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Action Anthropology and the Future of Indigenous Archaeology

Interview with Darby Stapp and Julia Longenecker

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What is ‘action anthropology’ and how has it made CRM more fulfilling for you personally?

Darby: Action anthropology is a concept developed by Sol Tax at the University of Chicago in the 1950s and it differed importantly from other applied anthropology being conducted at the time. Rather than making a study of a people and giving it to authorities to do with as they like, the action approach involved working more closely with the community itself to understand the issues confronting it, and then using one’s anthropological expertise to provide the indigenous community with alternative paths of action that it could chose for itself. This is how we approach our cultural resource work with tribes. We listen to the concerns that tribes have about the way agencies manage (or don’t manage) tribal resources. We help them develop options to protect sites or meet whatever other goal they may have, and then we help them implement the option they select. And then we help them develop their programs and train their tribal staff so that they can be self-sustaining.

Julie: I think what is satisfying about this approach is that we get to use our anthropological and archaeological training to help people. Whether it is protecting a site, helping someone’s ancestor, who is eroding out of a bank, working with an elder to understand the meaning of an artifact, or helping teach tribal kids about their heritage, the work has meaning. Archaeological research has meaning too, and there is a lot of it needed, but you might as well pick research questions that can help solve real problems. There is a lot of archaeological questions that need answering, that don’t require digging up more data.

It would seem that one answer to the TCRM problem would be getting archaeological education to Native American students. What kinds of things block Native American students from getting into academic archaeology? Minority students generally lose interest in archaeology when they hear how little money we make and how little power we have. The ones who do go into archaeology end up studying different cultures than their own--people with divergent cultural backgrounds bring wonderful things to the table in any traditional academic discussion-–but would Native American people mind if their students ended up practicing archaeology on other cultures?

Darby: There are some initiatives underway within the profession to help American Indian student pursue archaeological careers, such as the SAA scholarships for training Native American students. Some are pursuing this path, but in general there does not seem to be much interest. There are many reasons, some practical, some cultural. I think over time we’ll see increasing interest.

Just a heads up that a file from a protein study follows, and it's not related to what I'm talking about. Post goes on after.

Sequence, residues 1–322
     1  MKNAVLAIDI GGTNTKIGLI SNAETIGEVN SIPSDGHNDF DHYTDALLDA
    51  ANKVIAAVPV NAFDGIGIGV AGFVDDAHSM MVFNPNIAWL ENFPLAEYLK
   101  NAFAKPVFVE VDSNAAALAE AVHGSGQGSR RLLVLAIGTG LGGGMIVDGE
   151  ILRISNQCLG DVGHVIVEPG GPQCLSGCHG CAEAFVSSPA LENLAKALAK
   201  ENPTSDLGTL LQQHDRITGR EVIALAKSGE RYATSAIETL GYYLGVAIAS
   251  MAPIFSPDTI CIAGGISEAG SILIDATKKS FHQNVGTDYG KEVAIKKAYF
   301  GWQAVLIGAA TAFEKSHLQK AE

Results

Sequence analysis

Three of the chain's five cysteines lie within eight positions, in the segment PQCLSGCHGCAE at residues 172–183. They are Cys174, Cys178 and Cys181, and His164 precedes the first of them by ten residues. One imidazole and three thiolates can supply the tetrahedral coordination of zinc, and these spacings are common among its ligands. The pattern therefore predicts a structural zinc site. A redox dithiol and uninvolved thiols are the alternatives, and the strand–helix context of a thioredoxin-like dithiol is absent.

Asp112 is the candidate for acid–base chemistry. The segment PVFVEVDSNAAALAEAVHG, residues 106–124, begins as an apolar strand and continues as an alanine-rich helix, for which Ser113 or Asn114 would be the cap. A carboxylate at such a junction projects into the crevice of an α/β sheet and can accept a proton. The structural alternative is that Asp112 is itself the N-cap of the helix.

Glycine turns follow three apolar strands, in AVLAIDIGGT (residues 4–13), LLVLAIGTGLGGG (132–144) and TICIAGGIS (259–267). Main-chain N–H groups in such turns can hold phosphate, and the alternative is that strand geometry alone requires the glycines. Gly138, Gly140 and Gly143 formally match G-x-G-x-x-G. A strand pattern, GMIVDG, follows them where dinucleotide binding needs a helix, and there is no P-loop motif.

Julie: In my experience, some tribal members really enjoy the work and are developing good careers as cultural resource technicians. Others stay with it a year or two and then move on to something else. I don’t see much interest in becoming academic archaeologists at this time. There is, however, a lot of interest in taking training classes and workshops in CRM laws, environment, and various technical skills such as site recording and mapping, especially using new instrumentation. I don’t think Native American people would mind if their youth pursued archaeological interests with other cultures.

Is there Native American participation at the federal government level?

Darby: A Native American member is appointed to the Advisory Council on Historic Preservation by the President of the United States The current member is Gerald Peter Jemison, from Victor, New York (term of office: 2005-2008). According to the ACHP website, Mr. Jemison is a historic site manager for the New York State Office of Parks, Recreation, and Historic Preservation for the Ganondagon State Historic Site in Victor, where he has been involved since 1985. An enrolled member of the Seneca Nation of Indians, Jemison will assume a vital position in assisting the development of the ACHP's heritage programs relating to Native Americans, Native Hawaiians, and Native Alaskans, as well as adding his expertise to the overall range of historic preservation issues.

What do you think the future is for tribal CRM?

Darby and Julie: We see the following:

• Tribal programs will continue to grow in number and complexity.

• As agencies cut back and fail to comply with the laws, tribes will be there to keep the pressure on and in many cases, do the work themselves.

• We’ll see tribal cultural resource protection programs move out of their isolated tribal setting and begin to work more closely with other cultural programs within the tribe, such as tribal museums and language and elder programs.

• Where there are bad feelings within the archaeological community over the increasing presence of tribes, we expect to see relations improve as the next generation arrives and the older generation departs.

In short, we think the future is bright for tribes and archaeology.
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